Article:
In 1971, Sun Ra and his band had traveled west from Philadelphia at the invitation of Bobby Seale of the Black Panther Party to Oakland, California, where they lived in a Panther house and Sun Ra taught at Berkeley. By 1974, amid increasing factionalism, no less than Eldridge Cleaver had kicked them out, and they were headed back to “the City of Brotherly Shove.” But not before producer Jim Newman and director John Coney lured him into a prospective half-hour concert for the local PBS affiliate, which somehow mutated into one of the oddest documents ever committed to celluloid.

The film opens amid a welter of space jazz, on what looks like a yellow Sony Playstation controller drifting through space-actually Sun Ra’s spaceship, captured in pre-digital blue-screen on 16mm film. As the mothership lands on a lush tropical planet (in reality Golden Gate Park), Sun Ra and his entourage stroll through an enchanted garden the equal of the fantasy sequences in Heavenly Creatures-with floating bubbles and hovering trilobites topped with red orbs encased in glass and exotic flowers bearing fruit of orange hands and wine glasses. Draped in flowing robes and an Egyptian headdress topped with a large sun dial, Sun Ra (who wrote all his own dialogue) proclaims, “We’ll set up a colony for black people here-see what they can do on a planet all their own, without any white people there… Another place in the universe, up under different stars.” Then as he conjectures relocating them via “isotope teleportation,” “transmolecularization” or simply teleporting the entire planet through music, we see Sun Ra suddenly spinning clockwise away from us into deepest space, like the lifeless Gary Lockwood, Jr. in 2001. All this before the opening credits.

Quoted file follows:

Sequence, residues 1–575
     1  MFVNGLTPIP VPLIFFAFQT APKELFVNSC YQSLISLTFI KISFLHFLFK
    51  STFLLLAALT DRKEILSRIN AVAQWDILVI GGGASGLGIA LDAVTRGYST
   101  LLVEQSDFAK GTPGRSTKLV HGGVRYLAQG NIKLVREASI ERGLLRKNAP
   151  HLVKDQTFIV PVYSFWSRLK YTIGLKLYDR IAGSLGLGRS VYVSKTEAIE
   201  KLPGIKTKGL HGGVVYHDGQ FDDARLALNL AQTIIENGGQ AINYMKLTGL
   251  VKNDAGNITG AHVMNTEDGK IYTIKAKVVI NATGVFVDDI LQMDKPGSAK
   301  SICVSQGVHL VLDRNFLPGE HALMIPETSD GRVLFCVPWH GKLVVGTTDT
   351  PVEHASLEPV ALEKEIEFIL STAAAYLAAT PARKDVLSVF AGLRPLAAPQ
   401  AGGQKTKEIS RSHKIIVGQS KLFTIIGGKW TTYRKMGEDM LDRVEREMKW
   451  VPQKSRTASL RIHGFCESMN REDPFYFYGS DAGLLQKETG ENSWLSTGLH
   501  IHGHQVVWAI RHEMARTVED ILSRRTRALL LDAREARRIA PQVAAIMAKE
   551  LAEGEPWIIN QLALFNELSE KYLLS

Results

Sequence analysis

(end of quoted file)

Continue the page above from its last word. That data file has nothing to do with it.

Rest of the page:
Suddenly it’s 1943, in a Chicago nightclub, where a local gangster (the Overseer, played as a kind of satanic pimp by Ray Johnson, one of the bank robbers in Dirty Harry) demands that Sun Ra-then a piano player known as Sonny Ray-be ejected for his discordant style. Sonny’s jazz arpeggios quickly escalate into overpowering chord inversions, as glass shatters, smoke billows from the piano, the dancers are blown out of their tops and the crowd riots and stampedes toward the exits. Just as quickly, Sun Ra and the Overseer are faced off against each other across a red velvet table in the middle of a vast desert, where they compete in an arcane card game using a modified ghetto-fabulous Tarot deck (featuring Cadillac Eldorados and nude sirens) for the fate of the earth.